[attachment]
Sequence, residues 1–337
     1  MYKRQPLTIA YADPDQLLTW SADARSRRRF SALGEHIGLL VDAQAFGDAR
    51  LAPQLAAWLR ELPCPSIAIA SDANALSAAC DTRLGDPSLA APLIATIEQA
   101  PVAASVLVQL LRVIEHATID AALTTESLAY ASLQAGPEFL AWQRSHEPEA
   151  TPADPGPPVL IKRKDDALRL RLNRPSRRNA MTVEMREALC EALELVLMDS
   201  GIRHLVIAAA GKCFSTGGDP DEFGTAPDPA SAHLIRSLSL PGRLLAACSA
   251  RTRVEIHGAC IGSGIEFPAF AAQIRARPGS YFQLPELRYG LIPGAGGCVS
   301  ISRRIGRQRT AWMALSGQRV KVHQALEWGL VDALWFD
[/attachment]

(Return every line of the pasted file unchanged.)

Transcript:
Sequence, residues 1–337
     1  MYKRQPLTIA YADPDQLLTW SADARSRRRF SALGEHIGLL VDAQAFGDAR
    51  LAPQLAAWLR ELPCPSIAIA SDANALSAAC DTRLGDPSLA APLIATIEQA
   101  PVAASVLVQL LRVIEHATID AALTTESLAY ASLQAGPEFL AWQRSHEPEA
   151  TPADPGPPVL IKRKDDALRL RLNRPSRRNA MTVEMREALC EALELVLMDS
   201  GIRHLVIAAA GKCFSTGGDP DEFGTAPDPA SAHLIRSLSL PGRLLAACSA
   251  RTRVEIHGAC IGSGIEFPAF AAQIRARPGS YFQLPELRYG LIPGAGGCVS
   301  ISRRIGRQRT AWMALSGQRV KVHQALEWGL VDALWFD